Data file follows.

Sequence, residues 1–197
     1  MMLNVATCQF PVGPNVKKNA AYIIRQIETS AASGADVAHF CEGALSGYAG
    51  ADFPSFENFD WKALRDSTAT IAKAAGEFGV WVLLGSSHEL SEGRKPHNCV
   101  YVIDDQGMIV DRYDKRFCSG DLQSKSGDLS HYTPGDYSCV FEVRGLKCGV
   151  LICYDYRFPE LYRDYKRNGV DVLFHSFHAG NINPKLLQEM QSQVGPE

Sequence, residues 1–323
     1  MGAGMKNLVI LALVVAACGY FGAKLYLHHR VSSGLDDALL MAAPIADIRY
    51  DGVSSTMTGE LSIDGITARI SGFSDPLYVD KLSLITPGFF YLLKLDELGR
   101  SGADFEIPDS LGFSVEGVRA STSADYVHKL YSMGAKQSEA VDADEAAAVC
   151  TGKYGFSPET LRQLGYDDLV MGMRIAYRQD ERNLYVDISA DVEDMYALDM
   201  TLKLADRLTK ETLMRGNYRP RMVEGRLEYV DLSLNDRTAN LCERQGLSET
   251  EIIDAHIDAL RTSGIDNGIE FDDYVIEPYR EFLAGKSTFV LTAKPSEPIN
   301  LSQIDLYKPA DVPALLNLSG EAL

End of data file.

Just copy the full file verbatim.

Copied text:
Sequence, residues 1–197
     1  MMLNVATCQF PVGPNVKKNA AYIIRQIETS AASGADVAHF CEGALSGYAG
    51  ADFPSFENFD WKALRDSTAT IAKAAGEFGV WVLLGSSHEL SEGRKPHNCV
   101  YVIDDQGMIV DRYDKRFCSG DLQSKSGDLS HYTPGDYSCV FEVRGLKCGV
   151  LICYDYRFPE LYRDYKRNGV DVLFHSFHAG NINPKLLQEM QSQVGPE

Sequence, residues 1–323
     1  MGAGMKNLVI LALVVAACGY FGAKLYLHHR VSSGLDDALL MAAPIADIRY
    51  DGVSSTMTGE LSIDGITARI SGFSDPLYVD KLSLITPGFF YLLKLDELGR
   101  SGADFEIPDS LGFSVEGVRA STSADYVHKL YSMGAKQSEA VDADEAAAVC
   151  TGKYGFSPET LRQLGYDDLV MGMRIAYRQD ERNLYVDISA DVEDMYALDM
   201  TLKLADRLTK ETLMRGNYRP RMVEGRLEYV DLSLNDRTAN LCERQGLSET
   251  EIIDAHIDAL RTSGIDNGIE FDDYVIEPYR EFLAGKSTFV LTAKPSEPIN
   301  LSQIDLYKPA DVPALLNLSG EAL